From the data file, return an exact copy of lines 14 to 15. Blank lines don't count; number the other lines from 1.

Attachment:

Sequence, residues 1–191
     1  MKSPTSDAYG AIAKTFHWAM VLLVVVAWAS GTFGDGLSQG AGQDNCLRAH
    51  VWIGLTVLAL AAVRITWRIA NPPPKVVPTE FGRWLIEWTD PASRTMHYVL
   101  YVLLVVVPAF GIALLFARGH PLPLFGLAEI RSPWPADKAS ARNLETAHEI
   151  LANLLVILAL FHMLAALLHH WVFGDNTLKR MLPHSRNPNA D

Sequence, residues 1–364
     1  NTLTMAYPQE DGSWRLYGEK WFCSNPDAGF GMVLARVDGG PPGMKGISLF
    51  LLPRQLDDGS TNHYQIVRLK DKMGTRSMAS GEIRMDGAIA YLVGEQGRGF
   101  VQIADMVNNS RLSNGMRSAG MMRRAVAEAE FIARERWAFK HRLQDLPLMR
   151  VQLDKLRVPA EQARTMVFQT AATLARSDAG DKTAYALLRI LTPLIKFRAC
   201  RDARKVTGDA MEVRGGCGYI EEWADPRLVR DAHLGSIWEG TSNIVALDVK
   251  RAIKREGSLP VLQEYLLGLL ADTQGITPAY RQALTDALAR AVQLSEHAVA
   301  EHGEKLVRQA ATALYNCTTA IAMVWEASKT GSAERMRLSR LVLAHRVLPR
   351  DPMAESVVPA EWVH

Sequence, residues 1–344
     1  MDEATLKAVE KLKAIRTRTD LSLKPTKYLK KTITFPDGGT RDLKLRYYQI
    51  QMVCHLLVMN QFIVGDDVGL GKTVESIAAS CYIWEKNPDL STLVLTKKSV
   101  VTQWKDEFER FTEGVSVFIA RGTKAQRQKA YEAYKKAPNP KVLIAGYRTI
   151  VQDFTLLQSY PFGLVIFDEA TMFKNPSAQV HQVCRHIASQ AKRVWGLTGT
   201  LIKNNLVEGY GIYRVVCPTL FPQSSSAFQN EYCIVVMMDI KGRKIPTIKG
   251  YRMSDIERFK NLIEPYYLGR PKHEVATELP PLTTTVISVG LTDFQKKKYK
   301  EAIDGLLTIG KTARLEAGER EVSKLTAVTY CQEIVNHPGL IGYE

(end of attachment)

   351  DPMAESVVPA EWVH

Sequence, residues 1–344